Last week, a documentary aired on BBC3, tackling the issue of homophobia in football. Presented by Amal Fashanu, niece of Justin, the only footballer in the UK ever to come out, "Britain's Gay Footballers" was also a challenging personal journey for her, who, in the programme, came to terms with the tragic events leading up to Justin's death, and tearfully confronted her father, former top-flight footballer John Fashanu, who publicly disowned his brother at the time of his coming out.
I was very impressed with the documentary. Even though obvious signs of discomfort and awkwardness were present in some of the interviewees, not least John McGovern, who declared that "(the word 'poof' is) another word for what we’re talking about, being a homosexual... I don’t even call that discrimination", and John Fashanu, who implied that "family honour" was more important than his brother's wellbeing, there were some positives to be taken from the programme.
First of all, the interview with the players of Millwall FC. The East London club isn't exactly everyone's second team (their own motto is "No-one likes us, we don't care"), but by being the first to invite Amal to their training ground, and having players Darren Purse and Steve Mildenhall publicly discuss the subject of homosexuality in football, they acknowledged and recognised the issue, rather than awkwardly sidestepping it or denying there's even a problem, as is usually the norm in football.
Surprisingly, a Premier League footballer also agreed to be interiewed by Amal. Previously, the lack of support from a top-flight player resulted in the Kick Homophobia Out Of Football campaign being scrapped, but Joey Barton, one of English football's most outspoken and colourful personalities, opened up to her about the subject, and in doing this, came across as a very mature, respectful and tolerant man, alongside being incredibly brave; until that point, not one top-flight player has said a word on the topic, most likely for fear of being ridiculed and called gay just for showing support - and unfortunately, some Twitter messages and photos hashtagged #britainsgayfootballers during and after the programme were pathetic examples of immature homophobic abuse aimed towards Barton and other footballers, the likes of which you'd maybe expect in secondary school.
Speaking of Twitter, the documentary proved a pretty apt litmus test of public perception. Although there were some making immature jibes about the programme and about several footballers who are probably not gay, the vast majority of people had nothing but positive things to say, praising Amal and the interviewees, especially Millwall FC and Joey Barton, so far unique in their recognition and support of homosexuality in football, posting tributes to the late Justin, and slating John Fashanu and John McGovern for their insincere contributions. Many big media personalities also chipped in with praises.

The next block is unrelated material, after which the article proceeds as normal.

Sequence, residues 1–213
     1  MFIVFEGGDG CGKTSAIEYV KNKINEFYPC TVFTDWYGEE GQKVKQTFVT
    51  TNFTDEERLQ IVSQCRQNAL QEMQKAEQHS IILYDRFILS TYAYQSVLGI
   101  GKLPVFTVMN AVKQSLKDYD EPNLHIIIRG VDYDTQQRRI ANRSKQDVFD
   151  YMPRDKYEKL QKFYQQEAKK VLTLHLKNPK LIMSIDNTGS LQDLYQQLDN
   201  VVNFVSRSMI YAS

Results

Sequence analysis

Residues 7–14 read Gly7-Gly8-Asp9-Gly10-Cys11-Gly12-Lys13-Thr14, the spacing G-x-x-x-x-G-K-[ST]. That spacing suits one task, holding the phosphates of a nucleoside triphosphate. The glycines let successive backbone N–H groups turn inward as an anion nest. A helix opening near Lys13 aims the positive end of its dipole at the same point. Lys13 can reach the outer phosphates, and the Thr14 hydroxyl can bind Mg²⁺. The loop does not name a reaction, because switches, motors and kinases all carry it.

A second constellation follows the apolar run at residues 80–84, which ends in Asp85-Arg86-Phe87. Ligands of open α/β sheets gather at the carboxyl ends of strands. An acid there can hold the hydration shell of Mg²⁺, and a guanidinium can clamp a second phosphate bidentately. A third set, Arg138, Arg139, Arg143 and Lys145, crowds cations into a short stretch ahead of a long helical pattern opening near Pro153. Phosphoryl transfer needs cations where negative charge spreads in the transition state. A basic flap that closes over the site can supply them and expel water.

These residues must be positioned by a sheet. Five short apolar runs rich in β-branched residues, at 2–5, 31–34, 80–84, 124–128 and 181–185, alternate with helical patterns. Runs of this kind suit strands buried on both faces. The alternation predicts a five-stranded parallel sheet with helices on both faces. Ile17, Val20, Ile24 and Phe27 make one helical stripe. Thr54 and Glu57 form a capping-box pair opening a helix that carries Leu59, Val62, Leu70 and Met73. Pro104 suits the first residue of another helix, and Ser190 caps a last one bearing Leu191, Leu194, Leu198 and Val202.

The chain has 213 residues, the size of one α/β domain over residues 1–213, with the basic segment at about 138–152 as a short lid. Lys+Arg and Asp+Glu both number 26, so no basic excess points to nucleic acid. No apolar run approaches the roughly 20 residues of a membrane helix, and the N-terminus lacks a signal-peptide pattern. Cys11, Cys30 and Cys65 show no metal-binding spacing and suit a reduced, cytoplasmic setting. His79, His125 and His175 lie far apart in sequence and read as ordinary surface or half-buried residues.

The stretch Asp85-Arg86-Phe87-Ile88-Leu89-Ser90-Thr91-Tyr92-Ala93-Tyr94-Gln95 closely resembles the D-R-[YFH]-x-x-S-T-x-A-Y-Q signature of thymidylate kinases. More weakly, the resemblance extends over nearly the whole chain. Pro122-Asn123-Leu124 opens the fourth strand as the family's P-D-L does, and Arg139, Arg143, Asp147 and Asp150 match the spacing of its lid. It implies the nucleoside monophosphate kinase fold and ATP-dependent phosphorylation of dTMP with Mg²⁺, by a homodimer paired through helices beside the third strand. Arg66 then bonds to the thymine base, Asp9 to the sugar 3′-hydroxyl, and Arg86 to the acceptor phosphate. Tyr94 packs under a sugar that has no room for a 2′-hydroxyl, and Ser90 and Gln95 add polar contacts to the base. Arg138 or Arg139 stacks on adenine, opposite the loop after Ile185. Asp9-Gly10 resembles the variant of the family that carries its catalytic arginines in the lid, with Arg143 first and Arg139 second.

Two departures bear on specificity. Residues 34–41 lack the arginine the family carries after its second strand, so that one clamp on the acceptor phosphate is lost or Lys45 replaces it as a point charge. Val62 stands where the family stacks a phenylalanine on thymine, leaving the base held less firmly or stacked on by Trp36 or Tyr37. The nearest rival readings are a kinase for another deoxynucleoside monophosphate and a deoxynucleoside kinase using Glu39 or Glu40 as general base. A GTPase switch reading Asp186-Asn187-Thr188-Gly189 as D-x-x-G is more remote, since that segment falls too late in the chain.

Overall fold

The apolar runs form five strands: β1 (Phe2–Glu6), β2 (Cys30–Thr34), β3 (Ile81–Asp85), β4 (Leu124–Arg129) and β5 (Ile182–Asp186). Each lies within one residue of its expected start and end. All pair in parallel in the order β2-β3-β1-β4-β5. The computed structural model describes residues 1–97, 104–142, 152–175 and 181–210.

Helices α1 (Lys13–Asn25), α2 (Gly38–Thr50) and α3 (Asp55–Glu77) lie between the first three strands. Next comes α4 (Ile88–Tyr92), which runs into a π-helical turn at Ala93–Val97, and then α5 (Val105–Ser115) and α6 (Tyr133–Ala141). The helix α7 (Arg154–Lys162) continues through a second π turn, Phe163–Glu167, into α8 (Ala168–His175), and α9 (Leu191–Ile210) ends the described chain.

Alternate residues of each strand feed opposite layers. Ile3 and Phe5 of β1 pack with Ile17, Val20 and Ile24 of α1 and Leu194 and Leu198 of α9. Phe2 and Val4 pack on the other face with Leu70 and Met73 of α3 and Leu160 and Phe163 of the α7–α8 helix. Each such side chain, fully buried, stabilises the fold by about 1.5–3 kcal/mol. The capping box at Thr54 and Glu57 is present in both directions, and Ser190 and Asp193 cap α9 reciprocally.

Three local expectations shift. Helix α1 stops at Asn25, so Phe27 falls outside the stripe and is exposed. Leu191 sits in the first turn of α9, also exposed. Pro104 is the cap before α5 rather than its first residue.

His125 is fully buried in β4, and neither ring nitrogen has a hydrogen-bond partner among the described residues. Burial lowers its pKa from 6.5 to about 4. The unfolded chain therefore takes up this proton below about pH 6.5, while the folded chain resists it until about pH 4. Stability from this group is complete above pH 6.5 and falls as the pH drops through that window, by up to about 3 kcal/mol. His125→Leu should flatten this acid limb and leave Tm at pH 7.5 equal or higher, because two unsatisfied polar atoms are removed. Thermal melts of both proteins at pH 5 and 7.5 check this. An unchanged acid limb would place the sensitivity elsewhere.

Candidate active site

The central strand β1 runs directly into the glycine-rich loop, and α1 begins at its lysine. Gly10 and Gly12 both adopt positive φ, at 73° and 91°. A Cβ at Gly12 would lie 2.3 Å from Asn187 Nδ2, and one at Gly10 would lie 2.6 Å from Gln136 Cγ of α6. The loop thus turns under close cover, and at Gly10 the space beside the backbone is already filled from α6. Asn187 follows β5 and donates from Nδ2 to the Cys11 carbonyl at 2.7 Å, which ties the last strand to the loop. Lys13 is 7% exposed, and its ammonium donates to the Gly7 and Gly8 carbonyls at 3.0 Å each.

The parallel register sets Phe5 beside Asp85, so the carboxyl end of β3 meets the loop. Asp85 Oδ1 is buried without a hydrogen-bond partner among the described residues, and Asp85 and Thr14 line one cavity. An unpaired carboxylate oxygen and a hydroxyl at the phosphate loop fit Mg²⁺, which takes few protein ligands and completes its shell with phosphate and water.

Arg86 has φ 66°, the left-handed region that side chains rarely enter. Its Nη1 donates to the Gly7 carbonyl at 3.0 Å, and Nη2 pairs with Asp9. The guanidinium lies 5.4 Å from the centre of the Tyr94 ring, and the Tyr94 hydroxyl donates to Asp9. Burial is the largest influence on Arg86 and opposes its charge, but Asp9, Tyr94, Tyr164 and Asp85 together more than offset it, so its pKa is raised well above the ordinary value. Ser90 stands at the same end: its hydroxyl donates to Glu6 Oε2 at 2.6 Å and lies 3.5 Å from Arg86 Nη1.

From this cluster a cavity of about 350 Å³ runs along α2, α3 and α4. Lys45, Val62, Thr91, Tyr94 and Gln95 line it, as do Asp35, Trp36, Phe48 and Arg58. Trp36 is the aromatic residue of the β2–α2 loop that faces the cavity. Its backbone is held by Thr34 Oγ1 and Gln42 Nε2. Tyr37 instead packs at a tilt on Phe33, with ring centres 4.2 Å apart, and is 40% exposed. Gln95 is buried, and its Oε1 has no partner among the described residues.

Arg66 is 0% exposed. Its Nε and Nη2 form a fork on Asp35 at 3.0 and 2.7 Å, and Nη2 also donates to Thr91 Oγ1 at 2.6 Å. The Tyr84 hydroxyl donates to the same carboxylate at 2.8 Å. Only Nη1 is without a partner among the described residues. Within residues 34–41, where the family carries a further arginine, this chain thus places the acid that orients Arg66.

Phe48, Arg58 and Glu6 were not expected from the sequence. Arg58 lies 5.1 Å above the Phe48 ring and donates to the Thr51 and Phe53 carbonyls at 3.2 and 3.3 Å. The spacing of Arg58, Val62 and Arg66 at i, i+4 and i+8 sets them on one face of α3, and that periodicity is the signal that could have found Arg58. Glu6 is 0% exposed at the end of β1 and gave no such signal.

The documentary would lead to several interesting developments. The Sports Charter was launched by the Home Office in March 2011, with the intention of eradicating homophobia and transphobia from sport. Prior to the BBC3 broadcast, it had been slowly but steadily gaining signatures, with tennis star Billie Jean King and rugby veterans Ben Cohen and Gareth Thomas signing the charter in June, and Wycombe Wanderers FC signing it in October. The documentary then aired on Monday 30th January 2012. By Thursday, the entire Premier League had signed up to the Charter.
In a previous article, I stated that one of the first steps in kicking homophobia out of football was for the likes of the FA and the Premier League (the establishment, basically) to publicly condemn homophobia and ensure it becomes as taboo as racism, punishable by long bans, huge fines and prosecution.
Amal's documentary has opened the public's eyes - by having the likes of Gareth Thomas and other rugby players discuss how tolerant rugby is of homosexuality, and Anton Hysen talking about how his sexuality doesn't concern anyone, team-mate, fan or rival, in Sweden, it highlighted the backwardness and idiocy of the attitude in English football (Joey Barton put it best: "archaic"), and that the Premier League's lack of focus on homophobia is the exception, rather than the norm, in the sports world. By signing up to the Charter, the Premier League has recognised the problem and has formally committed to stamp it out. This is that first step.
In her Guardian column, Amal welcomes the Sports Charter as "long overdue" - I myself struggle to believe it only came into being less than a year ago - but also shows her skepticism in asking whether it's "just a public front amid growing concerns about (the football authorities') lack of effort to tackle homophobia and transphobia in sport" and "whether or not it will reassure any players wanting to reveal their true identity and having a safe environment in which to do so".
Maybe not just yet, but with these groundbreaking first steps now taken, maybe the FA will reignite the Kick Homophobia Out Of Football campaign (after all, Millwall's players and Joey Barton have publicly stated their support against homophobia, not to mention the Charter's Premier League signatures), and, by convincing everyone involved in the sport that the environment is indeed becoming safer and more tolerant, players may indeed feel comfortable to come out. And when this happens, we will be very thankful to Amal, who laid the groundwork for it to happen, and who helped ensure her uncle's tragic death was not in vain.